I’d never been to LA before “Dude, Monsters!” haha It was probably a little overly ambitious. I grew up in a small town in North Carolina. Not to many of my friends were into the same art/music as me. So I always had to get on the internet to find bands/artists that spoke to me. When I started making art, I’d email all the artists I liked, talk to them, and trade art. When I started curating shows, I just asked them to get involved. While the internet has the potential to connect the entire world, it has a way of pushing us apart. I’d done a few shows in Chicago and decided I wanted to do a show in LA and meet up with a bunch of the artists I’d been talking to. It was nice to bring a community that started on the internet into the real world and have a bunch of fun!
There are a ton of different things that pushed me in the direction that moving in, but if I had to pick one, it’d be Tony Hawk’s Pro-Skater. I was 7 or 8 years old when I first played it. That’s when I got really into skateboarding and punk. Skateboarding trains kids to be creative. A lot of people will look at a handrail and only see a handrail. Skateboarders look at handrails and see possibilities. They’re taking something that already exists, combining it with their own ideas, and creating something new. That’s what art is all about. The game was a perfect world where everything was yours and you could do whatever you wanted. It’s soundtrack blew my mind. The songs created a hyper-teenage world. A place with no parents, no rules, no limits, just fun. That game created a paradise. I believed in it. Once I got old enough to realize that the world was nothing like that, I got really angry and destructive. I felt cheated. I was getting kicked out of school, destroying other people’s property, and just breaking stuff. Recently, I’ve decided that I’m tired of eating away at a world I don’t fit into. Through curating shows, supporting other artists, creating community, and making art, I’m building the world I want to be a part of.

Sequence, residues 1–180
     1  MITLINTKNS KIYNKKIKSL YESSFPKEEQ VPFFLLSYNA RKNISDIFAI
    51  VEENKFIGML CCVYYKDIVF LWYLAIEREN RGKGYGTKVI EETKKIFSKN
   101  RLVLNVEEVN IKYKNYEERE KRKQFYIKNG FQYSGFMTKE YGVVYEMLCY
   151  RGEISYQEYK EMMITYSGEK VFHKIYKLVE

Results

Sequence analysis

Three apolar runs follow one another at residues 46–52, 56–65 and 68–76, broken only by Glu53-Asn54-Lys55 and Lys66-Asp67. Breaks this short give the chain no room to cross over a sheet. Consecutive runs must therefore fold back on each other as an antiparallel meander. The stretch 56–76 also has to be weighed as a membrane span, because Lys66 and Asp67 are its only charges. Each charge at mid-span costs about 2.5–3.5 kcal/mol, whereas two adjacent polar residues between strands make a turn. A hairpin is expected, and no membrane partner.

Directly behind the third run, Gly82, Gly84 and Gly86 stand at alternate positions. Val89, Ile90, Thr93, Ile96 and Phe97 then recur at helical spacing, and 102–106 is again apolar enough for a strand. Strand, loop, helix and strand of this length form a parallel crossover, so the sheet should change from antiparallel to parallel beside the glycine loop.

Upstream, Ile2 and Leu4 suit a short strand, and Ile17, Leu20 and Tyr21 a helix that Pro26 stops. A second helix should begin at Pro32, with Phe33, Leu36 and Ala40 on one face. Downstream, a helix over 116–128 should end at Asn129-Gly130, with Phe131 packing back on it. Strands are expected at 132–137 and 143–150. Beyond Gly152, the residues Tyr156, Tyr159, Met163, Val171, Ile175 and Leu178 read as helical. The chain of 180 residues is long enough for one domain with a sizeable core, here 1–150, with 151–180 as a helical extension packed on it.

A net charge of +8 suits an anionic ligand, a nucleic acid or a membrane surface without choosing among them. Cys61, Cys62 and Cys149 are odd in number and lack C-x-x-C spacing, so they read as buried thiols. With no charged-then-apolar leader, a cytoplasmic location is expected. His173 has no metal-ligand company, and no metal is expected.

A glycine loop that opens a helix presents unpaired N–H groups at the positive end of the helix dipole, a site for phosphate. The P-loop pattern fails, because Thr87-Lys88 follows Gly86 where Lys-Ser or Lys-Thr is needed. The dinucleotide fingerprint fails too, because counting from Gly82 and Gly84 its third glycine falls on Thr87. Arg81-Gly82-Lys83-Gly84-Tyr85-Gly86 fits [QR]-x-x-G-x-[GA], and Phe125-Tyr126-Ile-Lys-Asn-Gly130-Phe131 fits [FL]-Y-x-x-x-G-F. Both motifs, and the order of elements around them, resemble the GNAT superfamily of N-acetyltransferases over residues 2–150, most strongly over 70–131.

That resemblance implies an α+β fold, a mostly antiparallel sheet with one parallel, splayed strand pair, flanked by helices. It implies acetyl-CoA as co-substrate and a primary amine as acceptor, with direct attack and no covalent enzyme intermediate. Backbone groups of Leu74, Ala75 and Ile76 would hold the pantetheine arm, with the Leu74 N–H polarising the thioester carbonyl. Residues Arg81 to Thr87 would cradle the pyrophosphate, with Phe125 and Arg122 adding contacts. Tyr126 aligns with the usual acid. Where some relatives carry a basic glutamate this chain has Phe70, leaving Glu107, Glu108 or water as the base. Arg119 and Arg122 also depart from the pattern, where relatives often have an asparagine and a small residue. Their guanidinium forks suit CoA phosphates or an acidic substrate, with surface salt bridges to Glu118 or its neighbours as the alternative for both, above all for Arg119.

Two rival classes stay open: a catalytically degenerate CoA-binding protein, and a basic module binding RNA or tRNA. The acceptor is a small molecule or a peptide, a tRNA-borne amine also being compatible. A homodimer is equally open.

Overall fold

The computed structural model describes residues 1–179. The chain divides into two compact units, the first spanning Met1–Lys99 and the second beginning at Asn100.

I was using the skeletons in Hawaiian shirts to talk about people who overwork themselves and say “I’ll rest when I’m dead.” I have a bunch of new subjects I’m working with, but right now, I loves alligators. To me, they’re the last dinosaur. They watched all of their dinosaur friends fade away and didn’t seem to notice. If you see an alligator in a zoo, it doesn’t notice anything outside of itself until it’s feeding time. I see a lot of people living life the same way: just living paycheck to paycheck and waiting on the next meal. That’s why I paint most of them with their eyes closed.
It was crazy. haha I broke my arm that Summer. So I wasn’t able to make any art. Three days after that, the Peanut Gallery asked me to do the show. I wrote the whole record while my arm was still broken. So when I was finally able to make art again, I used the album as a blueprint for the show. I made all the paintings in North Carolina with a lot of help from friends, family, and my girlfriend. I did the pinball machine when I got to Chicago. I used it as a sort of summary of the whole show. In the past, I would have looked at my art, music, and social practice as being separate, but now, I see it all as one thing.
Stuff I liked when I was a kid that I’m still into:
Artists: Jim Phillips, Vernon Courtland Johnson, Marc McKee, Klasky-Csupo, and a ton of other stuff.
TV/Movies: Rocket Power, Grind, Little Monsters, Good Burger, KABLAM.
Music: NOFX, Less Than Jake, Screeching Weasel, The Ramones, Lagwagon, The Offspring, etc.
What do you want to do with your work in the future, and is there anyone with whom you would be stoked to work with?
I want to continue doing shows and building communities. I’ll start working on another solo show sometime soon. I want it to be more installation driven. That way I can create an environment.
And most of my friends are my favorite artists right now. So I would love to work with some musicians and skateboarders. Maybe some film-makers or animators?